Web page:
From time immemorial Tampa Bay and its surroundings were known only to local Indian tribes and the occasional explorer. Ponce de Leon passed this way in 1513, and de Soto arrived in 1539. Eventually Cuban and Spanish fishermen settled the area, to be joined after a while by U.S. Army officers, defenders of a string of coastal fortifications raised in the mid-nineteenth century. The modem history of the town of Tampa itself doesn’t begin until 1883, when a railroad tycoon, Henry Bradley Plant, arrived with big plans to blaze the South Florida Railroad across the Florida peninsula and link Tampa to the Atlantic port city of Jacksonville. In 1888 he threw the first bridge across the Hillsborough River, seen in the foreground of both of the pictures below. Before that, the only way to cross the river had been by ferry. The man who ran the ferry also owned the land stretching west from the river. By building the bridge, Plant put him out of business; then he bought up the land.
By 1891, when Tampa’s population had grown to nearly six thousand, Plant was ready to build a palace in the form of a grand hotel modeled after visions of The Arabian Nights . Plant’s Tampa Bay Hotel was constructed with railroad steel in its beams at a cost of $2.5 million. It was crowned with thirteen silvery minarets and three huge domes. From the first these dominated the city’s western skyline. They still do, even though the city’s population is now 235,000 and the oak and hickory trees of the hotel’s vast gardens have grown to partially screen them. Among those flourishing trees in the garden is the de Soto oak, named by Plant and under which, he claimed, the explorer had met with the Timucua Indians in the sixteenth century. As intended, the hotel drew tourists, who arrived on Plant’s trains, but it was just as popular with the locals, to whom it became a symbol of their city. Today the towers are pictured on Tampa’s tourist literature.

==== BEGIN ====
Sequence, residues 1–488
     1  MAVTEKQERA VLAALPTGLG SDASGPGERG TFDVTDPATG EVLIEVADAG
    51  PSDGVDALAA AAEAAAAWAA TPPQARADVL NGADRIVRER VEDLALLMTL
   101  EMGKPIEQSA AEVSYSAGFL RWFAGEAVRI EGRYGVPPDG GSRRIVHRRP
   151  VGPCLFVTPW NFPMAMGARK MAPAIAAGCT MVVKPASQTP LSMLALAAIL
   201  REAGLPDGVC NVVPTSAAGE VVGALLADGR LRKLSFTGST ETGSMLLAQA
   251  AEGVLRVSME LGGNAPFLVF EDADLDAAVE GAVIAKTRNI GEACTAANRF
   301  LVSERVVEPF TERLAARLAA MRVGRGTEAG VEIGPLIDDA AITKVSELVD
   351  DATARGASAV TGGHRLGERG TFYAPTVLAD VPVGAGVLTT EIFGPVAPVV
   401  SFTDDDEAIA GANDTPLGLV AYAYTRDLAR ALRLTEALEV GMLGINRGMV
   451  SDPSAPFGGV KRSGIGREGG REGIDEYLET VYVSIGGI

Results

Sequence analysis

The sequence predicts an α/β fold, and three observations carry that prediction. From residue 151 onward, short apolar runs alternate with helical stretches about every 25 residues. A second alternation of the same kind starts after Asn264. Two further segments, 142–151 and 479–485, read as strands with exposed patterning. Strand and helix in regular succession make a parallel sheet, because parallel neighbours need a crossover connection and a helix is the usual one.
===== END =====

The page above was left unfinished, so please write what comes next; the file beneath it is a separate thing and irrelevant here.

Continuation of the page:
Despite the affection in which it was held, the hotel’s days of splendor were few. Several years after Plant’s death in 1899, the city seized it for back taxes. It leased it out at various times and finally, in 1933, turned it over to the newly established University of Tampa, where it stands as the jewel of the campus. Recently a million-dollar restoration of the towers and domes took place, and the city also found itself engaged in the largest tented fumigation job ever attempted in the state to rid the rafters and walls of termites. Its timbers steadied, plans for the structure’s centennial celebration in 1991 are now under way.
Some changes on the scene: The shacks that lined the river in the 1920s have been cleared for parking space, with the probably unintended effect of revealing the handsome classical lines of the old First Baptist Church at the left of the recent photograph. And rising now between the minarets, at center, is the former Embassy Apartment Hotel, dating from the 1930s and turned into a university residence hall. The bridge in the foreground, adorned with the marks of triumphant collegiate rowing teams, replaced Plant’s first span in 1913. Originally called the Lafayette Boulevard Bridge, it was renamed the Kennedy Boulevard Bridge after the slain President, who had visited Tampa only three days before his death.